With the new tax year looking on the horizon those involved in the economy and finance are gearing themselves up for a hive of activity come April. Dubbed ‘ISA Season’ the start of the 2019/20 tax year has many pondering what to do with their £20,000 ISA limit.

Whether you are au fait with ISAs already, or are planning on utilising your allowance in the coming tax year, the guide below could help you get your head around all things ISA.

What is an ISA?

ISAs are only available in the UK and the abbreviation – ISA – stands for Individual Savings Account. Introduced in 1999, ISAs allow individuals to hold cash, stocks and shares in a wrapped which makes them tax exempt on interest, capital gains and dividends.

ISA benefits

  • You don’t pay Capital Gains Tax on any ISA
  • ISAs are free from Income Tax
  • The ability to increase income or investment over time

Available ISAs

ISAs tend to fall into one of three primary categories; Cash ISAs, Stocks and Shares ISAs and Innovative Finance ISAs (IFISAs). Other ISAs available include the Lifetime ISA, the Help to Buy ISA and a Junior ISA. However, these are more product specific.

Stocks and shares ISA

Whilst cash ISAs are assumed to be the most popular form of ISA, 2017 saw more money invested into stocks and shares ISAs. Unlike cash ISAs, stocks and shares ISAs are investment products and you can pay into one account per tax year.

Stocks and shares ISAs can offer higher interest rates compared to other types of ISAs which is why they are attractive to many. However, it is worth remembering that with any investment there is the scope to lose capital as well as gain it.

Cash ISA

Those who want tax-free returns and have a focus upon saving should consider opening an ISA account. You can only pay into one cash ISA per tax year. But this does mean that you can use your entire £20,000 ISA threshold on one cash ISA if you wished.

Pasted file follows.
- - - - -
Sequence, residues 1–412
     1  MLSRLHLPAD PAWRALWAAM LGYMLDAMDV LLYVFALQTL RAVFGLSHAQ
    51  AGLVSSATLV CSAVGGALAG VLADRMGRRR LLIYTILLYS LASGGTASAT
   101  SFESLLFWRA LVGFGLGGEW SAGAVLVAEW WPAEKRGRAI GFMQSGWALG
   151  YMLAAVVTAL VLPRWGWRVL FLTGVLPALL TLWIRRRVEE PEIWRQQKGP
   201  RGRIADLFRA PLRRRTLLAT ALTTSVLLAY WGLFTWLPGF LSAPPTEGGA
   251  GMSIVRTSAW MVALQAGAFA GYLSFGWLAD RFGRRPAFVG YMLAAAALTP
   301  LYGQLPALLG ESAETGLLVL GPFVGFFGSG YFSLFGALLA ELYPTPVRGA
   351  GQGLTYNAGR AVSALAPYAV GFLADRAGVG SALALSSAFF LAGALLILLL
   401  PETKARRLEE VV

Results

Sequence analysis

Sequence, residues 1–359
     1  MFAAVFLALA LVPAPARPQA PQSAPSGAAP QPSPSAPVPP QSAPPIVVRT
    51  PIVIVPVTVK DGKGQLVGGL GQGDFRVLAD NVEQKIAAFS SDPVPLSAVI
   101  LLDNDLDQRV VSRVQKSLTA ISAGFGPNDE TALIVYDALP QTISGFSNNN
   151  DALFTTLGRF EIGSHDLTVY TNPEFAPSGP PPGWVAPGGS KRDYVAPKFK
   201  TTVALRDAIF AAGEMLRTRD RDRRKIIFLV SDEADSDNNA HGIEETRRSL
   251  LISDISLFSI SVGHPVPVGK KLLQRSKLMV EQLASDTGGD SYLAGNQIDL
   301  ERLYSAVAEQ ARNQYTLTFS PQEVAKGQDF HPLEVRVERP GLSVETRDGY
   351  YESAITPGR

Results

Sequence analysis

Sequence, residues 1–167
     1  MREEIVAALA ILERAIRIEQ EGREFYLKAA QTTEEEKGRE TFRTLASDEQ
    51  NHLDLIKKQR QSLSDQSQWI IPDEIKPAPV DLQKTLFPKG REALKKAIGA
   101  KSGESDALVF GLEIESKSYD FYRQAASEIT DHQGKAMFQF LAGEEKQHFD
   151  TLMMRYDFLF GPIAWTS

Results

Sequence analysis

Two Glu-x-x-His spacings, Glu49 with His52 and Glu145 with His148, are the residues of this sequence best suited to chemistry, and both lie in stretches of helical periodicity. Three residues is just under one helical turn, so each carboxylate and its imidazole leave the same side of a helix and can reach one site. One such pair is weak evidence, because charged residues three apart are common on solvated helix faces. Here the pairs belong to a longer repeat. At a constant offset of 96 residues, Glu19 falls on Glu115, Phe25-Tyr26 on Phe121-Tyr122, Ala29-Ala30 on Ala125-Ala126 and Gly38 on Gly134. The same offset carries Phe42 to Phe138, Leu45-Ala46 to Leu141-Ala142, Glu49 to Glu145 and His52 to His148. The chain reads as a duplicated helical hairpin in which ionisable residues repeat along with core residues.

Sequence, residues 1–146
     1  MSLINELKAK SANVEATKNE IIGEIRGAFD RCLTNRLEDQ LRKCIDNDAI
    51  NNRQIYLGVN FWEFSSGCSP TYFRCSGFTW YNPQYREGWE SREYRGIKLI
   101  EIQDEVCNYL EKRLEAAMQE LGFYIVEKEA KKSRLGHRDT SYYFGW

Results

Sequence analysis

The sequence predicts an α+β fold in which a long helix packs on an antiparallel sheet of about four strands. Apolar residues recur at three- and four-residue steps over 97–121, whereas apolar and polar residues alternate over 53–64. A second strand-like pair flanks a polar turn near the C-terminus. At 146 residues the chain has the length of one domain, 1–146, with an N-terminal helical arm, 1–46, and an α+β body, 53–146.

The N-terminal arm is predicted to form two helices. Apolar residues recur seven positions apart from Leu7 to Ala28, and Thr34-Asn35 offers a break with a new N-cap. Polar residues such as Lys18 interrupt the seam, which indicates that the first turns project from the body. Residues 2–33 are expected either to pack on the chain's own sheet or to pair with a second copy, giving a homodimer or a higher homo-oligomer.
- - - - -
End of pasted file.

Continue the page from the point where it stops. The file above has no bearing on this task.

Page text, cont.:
Innovative finance ISA

Introduced in 2017, IFISAs allow investors using alternative finance platforms to earn tax-free interest on their investments. Investments come with a higher risk profile due to their typically elevated rates of interest and this is something to bear in mind if you are considering an innovative finance ISA.

How to utilise your ISA allowance?

As mentioned, you will have a £20,000 ISA allowance for the 2019/20 tax year. Whilst you can typically only invest in one cash ISA and one stocks and shares ISA at a time, you are able to split your allowance as you deem fit. You could choose to put the entire maximum allowance into the ISA of your choice. Alternatively, you could split the allowance between a variety of different ISAs.

Can I open an ISA?

Anybody in the UK can open an ISA as long as they are 16 years of age or over. There are also junior ISAs (both cash as well as stocks and shares) available to those under the age of 16.

With the new 2019/20 tax year approaching it could be the ideal time to start assessing whether you want to open any ISA accounts. You will be able to make the most of the £20,000 limit before it refreshes again in April 2020.

The new ISA season

Analysis of recent years has shown that the majority of ISA action takes place in the weeks leading up to the end of the tax year, so you might want to get your skates on and research some ISA accounts that could be of interest to you. Sometimes you can even secure the best rates the sooner you get your foot in the door.

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